Say it with me, “Octopus balls.”
Not exactly your average Western tourists idea of a mouth watering treat.
Yet, when it comes to Japanese street food, the quintessentially Osaka-esque Takoyaki is just that – a mouth watering delight.
The word takoyaki is made up of the Japanese word たこ(tako) – meaning octopus, and the noun form of the verb 焼く(yaku), which means to fry or grill. The basic concept of takoyaki is a grilled ball-shaped snack made out of flour-batter and filled with pieces of octopus, beni shoga (pickled ginger), tempura flakes, and green onion. The balls are formed in a molded pan with circular indents in which the batter is poured and rotated to create perfect balls of crepe-like consistency, grilled to a golden brown hue. The balls are typically served piping hot and drenched in a special savory sauce, Japanese mayonnaise, and a sprinkling of dried bonito flakes – all piled into a boat-like paper tray for ease of eating on-the-go.
So what’s it like to bite into one of these bad boys? The English language strains to meet the descriptive challenge, but I will do my best. Takoyaki is almost always served uncomfortably hot, fresh off the griddle, and once you pierce the golden brown exterior with your teeth, an oozing lake of flour-based magma carries the gems of octopus, ginger, and onion into your mouth, requiring several cooling exhales before you finish off the entire ball with a warm and chewy satisfaction that is hard to match.
As with any Japanese street food, the toppings, method, and presentation of the snack vary wildly across the different regions of Japan and often become the subject of playful debate. The modern push to create new and interesting varieties has made this genre balloon into a relatively endless combination of styles and specialties such as adding cheese, hot sauce, bacon, avocado and more. The traditional takoyaki batter base of dashi stock, flour, egg, salt, and soy sauce is also regularly experimented with, as in the Tohoku regional practice of adding yamaimo (yam) shavings to the mixture to make the takoyaki fluffier.
The common squabbling over relatively mundane regional differences does not stop at the basics. For example, it is said that Kanto people fry their takoyaki with a more crunchy outside and a melty interior, while Kansai people grill the ball more evenly. Also, apparently Kansai people frequently eat Takoyaki at home as a main dish, although it is considered a street food, often eating a large quantity of it in order to become full (perhaps 6-10 balls at once), while Kanto people eat it almost strictly as a street food item.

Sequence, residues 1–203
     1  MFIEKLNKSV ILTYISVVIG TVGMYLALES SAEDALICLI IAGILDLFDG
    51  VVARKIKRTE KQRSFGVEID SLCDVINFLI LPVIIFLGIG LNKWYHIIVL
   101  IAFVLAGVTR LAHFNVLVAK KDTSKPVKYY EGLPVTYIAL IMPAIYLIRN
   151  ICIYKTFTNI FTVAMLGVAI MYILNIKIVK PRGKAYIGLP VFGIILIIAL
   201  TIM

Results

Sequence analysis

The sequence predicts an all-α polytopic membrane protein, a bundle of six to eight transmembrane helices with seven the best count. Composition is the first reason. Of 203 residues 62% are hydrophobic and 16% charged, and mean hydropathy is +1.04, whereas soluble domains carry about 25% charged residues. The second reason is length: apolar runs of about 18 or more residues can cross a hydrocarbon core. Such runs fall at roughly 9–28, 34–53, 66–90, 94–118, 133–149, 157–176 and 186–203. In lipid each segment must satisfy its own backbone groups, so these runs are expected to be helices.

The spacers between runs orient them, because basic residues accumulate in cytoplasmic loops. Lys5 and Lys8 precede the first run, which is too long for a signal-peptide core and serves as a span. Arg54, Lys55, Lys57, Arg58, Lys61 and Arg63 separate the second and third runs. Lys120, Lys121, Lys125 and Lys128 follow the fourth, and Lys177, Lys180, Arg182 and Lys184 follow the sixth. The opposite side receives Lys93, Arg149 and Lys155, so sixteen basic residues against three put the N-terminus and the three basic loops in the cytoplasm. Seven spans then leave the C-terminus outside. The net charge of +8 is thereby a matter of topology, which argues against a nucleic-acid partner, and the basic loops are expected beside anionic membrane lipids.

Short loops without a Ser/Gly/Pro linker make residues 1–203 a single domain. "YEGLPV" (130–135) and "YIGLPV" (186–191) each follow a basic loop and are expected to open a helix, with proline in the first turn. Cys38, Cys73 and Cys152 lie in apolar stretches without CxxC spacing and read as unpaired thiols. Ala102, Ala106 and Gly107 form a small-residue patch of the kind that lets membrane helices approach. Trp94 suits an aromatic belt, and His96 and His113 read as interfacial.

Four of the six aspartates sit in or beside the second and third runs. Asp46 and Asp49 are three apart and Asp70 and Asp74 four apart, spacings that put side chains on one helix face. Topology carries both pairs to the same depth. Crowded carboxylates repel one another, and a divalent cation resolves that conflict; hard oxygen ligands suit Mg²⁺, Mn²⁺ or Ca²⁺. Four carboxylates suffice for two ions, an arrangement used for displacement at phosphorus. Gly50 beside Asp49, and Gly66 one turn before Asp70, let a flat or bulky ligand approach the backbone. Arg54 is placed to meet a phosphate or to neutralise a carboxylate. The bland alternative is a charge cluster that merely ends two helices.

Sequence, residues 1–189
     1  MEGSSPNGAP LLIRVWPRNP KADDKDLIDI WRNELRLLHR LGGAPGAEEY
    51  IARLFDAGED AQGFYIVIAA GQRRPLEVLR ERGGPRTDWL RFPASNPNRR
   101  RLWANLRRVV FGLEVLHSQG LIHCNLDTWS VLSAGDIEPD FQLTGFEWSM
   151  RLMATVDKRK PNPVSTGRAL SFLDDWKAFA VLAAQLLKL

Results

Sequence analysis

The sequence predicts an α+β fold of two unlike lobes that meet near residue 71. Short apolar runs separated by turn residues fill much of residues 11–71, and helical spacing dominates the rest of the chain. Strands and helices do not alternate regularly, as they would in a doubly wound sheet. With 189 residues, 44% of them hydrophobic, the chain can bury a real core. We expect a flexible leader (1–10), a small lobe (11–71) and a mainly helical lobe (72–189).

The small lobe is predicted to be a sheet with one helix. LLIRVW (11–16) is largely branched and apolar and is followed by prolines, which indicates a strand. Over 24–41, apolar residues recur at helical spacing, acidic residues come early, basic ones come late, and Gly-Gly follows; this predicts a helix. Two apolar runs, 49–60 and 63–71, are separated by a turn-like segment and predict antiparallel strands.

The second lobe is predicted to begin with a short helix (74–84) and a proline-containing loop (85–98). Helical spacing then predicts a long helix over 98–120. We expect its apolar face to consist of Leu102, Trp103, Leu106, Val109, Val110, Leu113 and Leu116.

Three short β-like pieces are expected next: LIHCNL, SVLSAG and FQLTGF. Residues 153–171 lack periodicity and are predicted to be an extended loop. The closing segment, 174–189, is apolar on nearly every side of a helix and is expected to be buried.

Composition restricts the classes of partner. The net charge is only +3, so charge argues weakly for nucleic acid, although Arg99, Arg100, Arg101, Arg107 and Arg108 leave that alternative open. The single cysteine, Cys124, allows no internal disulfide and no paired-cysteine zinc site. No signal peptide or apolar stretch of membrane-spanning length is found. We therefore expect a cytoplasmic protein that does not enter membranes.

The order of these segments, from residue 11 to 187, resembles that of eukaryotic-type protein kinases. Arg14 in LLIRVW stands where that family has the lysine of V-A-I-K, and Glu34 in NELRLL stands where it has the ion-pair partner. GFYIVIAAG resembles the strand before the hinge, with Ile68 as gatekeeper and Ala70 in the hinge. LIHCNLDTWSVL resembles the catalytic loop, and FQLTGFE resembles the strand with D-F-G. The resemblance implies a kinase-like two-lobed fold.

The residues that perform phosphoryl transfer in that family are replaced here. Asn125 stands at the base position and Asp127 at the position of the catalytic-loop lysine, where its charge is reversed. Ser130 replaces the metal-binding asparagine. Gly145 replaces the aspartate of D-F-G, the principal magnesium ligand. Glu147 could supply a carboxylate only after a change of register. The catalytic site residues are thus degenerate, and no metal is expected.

Even the signature sauce becomes the subject of debate. Is it Takoyaki sauce? Is it Okonomiyaki sauce? What is the difference? The brown Worcestershire-like sauce with a sweet and savory flavor is essentially the same that is used for both Takoyaki and Okonomiyaki, but online aficionados swear that Takoyaki sauce is thicker and sweeter. If you ask me, the manufacturers are laughing all the way to the bank, but still, harmless debate about minute differences is a fun part of exploring the world of Japanese street food, and Takoyaki is no exception.
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Takoyaki originates from the rough-around-the-edges city of Osaka, an ancient port town that spent periods as the official capital and served as a hub for industrialization and even organized crime. Osaka is blue collar Japan, and so is takoyaki. Perhaps I am biased, as my first experiences in Japan were in the city of Osaka, but the culinary style of one of Japan’s largest metropolises tends to match the Western idea of umami more than it’s Tokyo relatives. In the past, the Kansai region was considered to have a more refined and subtle flavor index, while Kanto tended to go for the thick flavors that would seem to match the Western palatte, but this is an outdated notion since after World War II. The flavor of the takoyaki balls prove the point. Osaka is now considered the “kitchen of Japan” where intense flavor and volume rule.
The consumption of treats using the crepe-like batter starts in Japan in the 17th century with the import of French cuisine. By the early 20th century, street vendors selling cheap snacks from the batter exploded in number. In Osaka in 1935, Tomekichi Endo is said to have invented what we now call the takoyaki, supposedly inspired by a traveler from outside the region mentioning that octopus was commonly used together with crepe dishes in his town.
After World War II, the American introduction of Worcestershire sauce would forever be paired with takoyaki, although many today still eat it in its original sauce-free form. Amid the rapid economic recovery of post-war Japan, takoyaki surged in popularity with the working class. The circular molded pans were eventually mass manufactured for home use in the 1980s and the now infamous takoyaki party was born.
Today, among the cheese-filling and avocado experimentation, takoyaki remains a beloved item, especially within the ranks of late-night izakaya warriors chasing the ultimate beer or highball companion. One favorite menu item these days is the takoyaki Russian roulette, where a tray of takoyaki is served with one secretly containing nuclear amounts of togarashi powder or habanero sauce. Always a good time. Naturally however, the most common place to find takoyaki today is still at the fabled street vendor, either one that is a permanent establishment or a pop-up shop at a summer festival. The endearing image of the local takoyaki stand is a undeniably nostalgic snapshot of Japanese culture.
If the thought of octopus balls puts you off, you know what they say, don’t knock it ‘till you try it. But in all seriousness, I cannot recommend takoyaki enough to anyone interested in Japanese street food. They are warm and delicious and deserve your attention. So, next time you find yourself in Japan, be sure to give this classic treat a try.